posted by zarq
on Oct 9, 2012 -
"Always remember that beautiful experiences and massive amounts of love are on their way. If you are able to feel pain and sadness this profoundly, more than most people can ever imagine, remind yourself that you can feel happiness and joy and love this profoundly as well, and that’s our little reward as depressed people. We feel things harder than other people do, and when those things are negative they are complete and total torture. But while we feel pain harder than other people have to, we feel beauty and joy and love harder than anyone else gets to, and that’s the victory that’s waiting on the other side of this pain for you. Hang on. Be tough. Better times are coming. Beautiful things and loving people are already out there, and when this cloud passes you get to experience them all so, so deeply."
-Comedian Chris Gethard
addresses an anonymous fan contemplating suicide
(Trigger warning: discussion of suicide) [more inside]
posted by inturnaround
on Sep 13, 2012 -
: It is common practice for psychiatrists to switch depressive patients between different antidepressants if their current drug does not evince a symptomatic response. Despite clinical wisdom supporting this, little empirical, controlled evidence exists to direct “switching” protocols (e.g. if a patient with Z characteristics is on drug X, is it usually better to switch to drug A, B, or C? Will switching help at all?) in the psychopharmacological treatment of depression. The NIMH-funded STAR*D (Sequenced Alternatives to Relieve Depression) study
aimed to address these questions of treatment direction in a very large (n>4000), “real-world” sample using a multi-phase treatment plan
with different drugs (and cognitive therapy) at every step to maximize chances of eventual remission. Overall, the NIMH reported that about 67% of patients eventually achieved remission
, with few differences in effectiveness between different types of treatment at each step
. However, researchers and commentators have raised concerns
regarding inconsistent reporting of outcomes, after-the-fact changes in study design and analysis
, and other issues that may have inflated, partially invalidated, or misrepresented widely reported treatment outcomes. These inequities may also have implications for the secondary moderator analyses (i.e. does trait A predict switching to X or Y is better?) that were a major reason for the study. [more inside]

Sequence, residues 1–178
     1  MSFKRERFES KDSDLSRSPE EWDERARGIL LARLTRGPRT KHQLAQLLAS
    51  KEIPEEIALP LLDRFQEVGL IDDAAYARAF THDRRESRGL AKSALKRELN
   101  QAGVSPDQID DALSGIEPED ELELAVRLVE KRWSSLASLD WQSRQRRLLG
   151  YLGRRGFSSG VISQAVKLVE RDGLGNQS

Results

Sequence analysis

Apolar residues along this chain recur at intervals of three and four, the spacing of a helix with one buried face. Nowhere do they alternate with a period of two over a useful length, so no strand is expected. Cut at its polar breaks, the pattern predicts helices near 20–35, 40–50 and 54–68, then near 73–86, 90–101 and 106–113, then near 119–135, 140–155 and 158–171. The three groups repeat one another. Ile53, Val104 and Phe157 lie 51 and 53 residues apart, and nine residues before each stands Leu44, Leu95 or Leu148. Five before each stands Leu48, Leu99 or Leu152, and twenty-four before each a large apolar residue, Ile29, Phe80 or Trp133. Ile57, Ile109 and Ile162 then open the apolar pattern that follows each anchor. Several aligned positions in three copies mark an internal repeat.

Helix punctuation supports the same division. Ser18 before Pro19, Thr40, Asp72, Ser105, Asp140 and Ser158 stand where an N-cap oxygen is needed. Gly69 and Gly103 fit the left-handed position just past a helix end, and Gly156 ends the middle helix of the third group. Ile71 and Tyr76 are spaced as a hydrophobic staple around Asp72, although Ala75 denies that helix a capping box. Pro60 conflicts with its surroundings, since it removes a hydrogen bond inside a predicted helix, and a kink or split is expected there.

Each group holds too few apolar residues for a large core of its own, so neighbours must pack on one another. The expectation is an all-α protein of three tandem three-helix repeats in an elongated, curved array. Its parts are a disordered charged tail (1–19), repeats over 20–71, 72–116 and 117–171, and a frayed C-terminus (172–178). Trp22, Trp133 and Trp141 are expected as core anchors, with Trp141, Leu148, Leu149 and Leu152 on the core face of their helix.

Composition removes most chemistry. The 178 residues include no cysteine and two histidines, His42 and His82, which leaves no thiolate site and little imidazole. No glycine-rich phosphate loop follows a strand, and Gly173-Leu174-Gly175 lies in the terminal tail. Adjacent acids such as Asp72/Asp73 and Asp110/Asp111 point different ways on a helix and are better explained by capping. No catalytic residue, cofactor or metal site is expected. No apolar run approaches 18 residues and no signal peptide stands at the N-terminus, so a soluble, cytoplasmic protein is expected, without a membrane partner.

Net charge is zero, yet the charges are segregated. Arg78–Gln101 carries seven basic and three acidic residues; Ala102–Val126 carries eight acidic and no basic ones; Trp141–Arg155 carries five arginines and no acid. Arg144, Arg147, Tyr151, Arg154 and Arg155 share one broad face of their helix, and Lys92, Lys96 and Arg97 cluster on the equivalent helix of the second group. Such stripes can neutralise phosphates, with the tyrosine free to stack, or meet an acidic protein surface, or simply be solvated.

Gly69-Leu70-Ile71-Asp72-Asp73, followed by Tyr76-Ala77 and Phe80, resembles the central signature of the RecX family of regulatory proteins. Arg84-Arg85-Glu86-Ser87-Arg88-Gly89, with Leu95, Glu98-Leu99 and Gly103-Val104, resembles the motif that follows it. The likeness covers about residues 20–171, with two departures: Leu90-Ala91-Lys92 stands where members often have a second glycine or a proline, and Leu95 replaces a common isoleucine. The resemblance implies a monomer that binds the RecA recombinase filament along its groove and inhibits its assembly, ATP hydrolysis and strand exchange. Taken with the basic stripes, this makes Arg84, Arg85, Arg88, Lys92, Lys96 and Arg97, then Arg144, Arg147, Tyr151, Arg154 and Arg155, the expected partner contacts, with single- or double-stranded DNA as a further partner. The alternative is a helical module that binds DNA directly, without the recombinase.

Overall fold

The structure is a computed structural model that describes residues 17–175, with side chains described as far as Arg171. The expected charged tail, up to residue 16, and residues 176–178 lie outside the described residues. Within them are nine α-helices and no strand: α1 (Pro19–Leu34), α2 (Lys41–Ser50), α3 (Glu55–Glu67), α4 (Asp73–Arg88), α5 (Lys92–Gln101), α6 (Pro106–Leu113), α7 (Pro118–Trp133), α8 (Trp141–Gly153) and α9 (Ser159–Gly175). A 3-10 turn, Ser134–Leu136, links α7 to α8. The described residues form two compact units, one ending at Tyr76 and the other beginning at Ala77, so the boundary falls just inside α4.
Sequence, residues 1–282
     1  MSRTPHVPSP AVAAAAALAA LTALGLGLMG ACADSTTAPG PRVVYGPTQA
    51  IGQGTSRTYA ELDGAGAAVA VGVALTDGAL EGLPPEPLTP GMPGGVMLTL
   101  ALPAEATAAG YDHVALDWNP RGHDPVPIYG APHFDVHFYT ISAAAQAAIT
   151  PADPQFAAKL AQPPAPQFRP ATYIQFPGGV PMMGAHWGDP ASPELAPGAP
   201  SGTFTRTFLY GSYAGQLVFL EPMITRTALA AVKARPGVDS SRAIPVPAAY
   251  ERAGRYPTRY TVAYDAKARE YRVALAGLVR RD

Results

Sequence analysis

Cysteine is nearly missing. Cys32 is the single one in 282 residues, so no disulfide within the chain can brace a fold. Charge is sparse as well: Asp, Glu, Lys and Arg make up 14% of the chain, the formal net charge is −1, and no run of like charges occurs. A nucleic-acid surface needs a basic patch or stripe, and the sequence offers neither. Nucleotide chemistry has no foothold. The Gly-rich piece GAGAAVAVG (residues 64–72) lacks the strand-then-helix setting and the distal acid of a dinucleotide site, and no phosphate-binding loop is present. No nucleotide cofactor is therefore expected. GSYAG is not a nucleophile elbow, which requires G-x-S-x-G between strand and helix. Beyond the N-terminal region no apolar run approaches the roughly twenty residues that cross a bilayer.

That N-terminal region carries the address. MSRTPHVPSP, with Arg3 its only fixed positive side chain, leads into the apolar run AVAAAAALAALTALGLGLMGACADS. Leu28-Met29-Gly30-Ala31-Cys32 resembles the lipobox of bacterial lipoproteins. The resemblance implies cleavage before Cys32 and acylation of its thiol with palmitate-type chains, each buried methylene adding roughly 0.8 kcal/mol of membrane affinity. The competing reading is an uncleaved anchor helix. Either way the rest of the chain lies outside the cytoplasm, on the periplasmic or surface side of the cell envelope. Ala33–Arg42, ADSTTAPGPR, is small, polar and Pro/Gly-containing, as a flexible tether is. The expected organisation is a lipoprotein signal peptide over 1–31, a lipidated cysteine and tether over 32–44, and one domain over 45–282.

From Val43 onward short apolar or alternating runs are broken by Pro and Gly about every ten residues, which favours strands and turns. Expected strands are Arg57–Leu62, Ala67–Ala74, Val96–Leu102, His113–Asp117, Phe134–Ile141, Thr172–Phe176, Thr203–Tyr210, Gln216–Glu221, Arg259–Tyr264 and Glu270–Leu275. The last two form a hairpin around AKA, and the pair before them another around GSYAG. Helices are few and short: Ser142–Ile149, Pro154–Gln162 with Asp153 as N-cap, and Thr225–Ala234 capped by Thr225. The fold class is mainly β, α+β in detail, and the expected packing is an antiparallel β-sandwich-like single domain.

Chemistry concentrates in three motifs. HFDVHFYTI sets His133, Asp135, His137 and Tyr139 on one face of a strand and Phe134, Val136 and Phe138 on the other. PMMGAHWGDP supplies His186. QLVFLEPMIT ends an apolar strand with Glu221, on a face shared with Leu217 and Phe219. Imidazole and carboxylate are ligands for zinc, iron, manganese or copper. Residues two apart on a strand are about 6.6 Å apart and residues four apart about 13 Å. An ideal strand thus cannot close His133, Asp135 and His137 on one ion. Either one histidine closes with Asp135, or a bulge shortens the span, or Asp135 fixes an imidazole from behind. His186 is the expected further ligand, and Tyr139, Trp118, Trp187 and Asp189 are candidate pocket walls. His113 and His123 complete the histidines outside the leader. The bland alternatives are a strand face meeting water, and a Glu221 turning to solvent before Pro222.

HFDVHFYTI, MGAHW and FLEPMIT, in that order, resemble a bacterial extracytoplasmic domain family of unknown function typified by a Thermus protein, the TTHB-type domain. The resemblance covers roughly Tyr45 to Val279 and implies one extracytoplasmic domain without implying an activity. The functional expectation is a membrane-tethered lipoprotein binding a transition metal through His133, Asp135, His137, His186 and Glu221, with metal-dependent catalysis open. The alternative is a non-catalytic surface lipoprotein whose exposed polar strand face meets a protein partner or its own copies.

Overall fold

posted by Keter
on Jan 14, 2012 -
"What was really most healing, for me, besides the drugs, was meeting my own people, my tribe. When you meet each other the relief of knowing you’re not alone and that you both feel like the walking dead. It’s such a relief to be with someone who will never say, “Perk up.” Black Dog Tribes
is a (beta) social platform for people with depression created by Ruby Wax
posted by lucia__is__dada
on Dec 6, 2011 -
"Imagine if you had never been homeless before and you'd just lost your job and you lost your home. What would you do? Would you immediately go begging or knocking on a door? No, you would downsize, move into cheaper accommodations, if that did not work you'd move in with friends or relatives and then you'd move into a cheap motel and then ... where would you want to go before winding up at a shelter door? You would much prefer to live at a park with your family and your dog." ... "In just about every major city, there are tent cities. Unfortunately, we're in a growth industry and the numbers are going to continue."
-- Michael Stoop, a community organizer for the National Coalition for the Homeless
, explaining that the surge
in American tent city shantytowns, first highlighted on MeFi in 2008/09: 1
, has not slowed. The Great Recession: Life in Tent City, Lakewood NJ
/ Photo Gallery
. [more inside]
posted by zarq
on Nov 10, 2011 -
BBC News asks independent trader Alessio Rastani "what would keep investors happy, make them feel more confident?
" and gets a surprisingly honest answer: "Personally, it doesn't matter. See, I'm a trader. I don't really care about that kind of stuff. If I see an opportunity to make money, I go with that. So, for most traders, we don't really care that much about how they're going to fix the economy, about how they're going to fix the whole situation; our job is to make money from it. And, personally, I've been dreaming of this moment for three years. I have a confession which is I go to bed every night and dream of another recession, I dream of another moment like this." [SLYT]
posted by finite
on Sep 26, 2011 -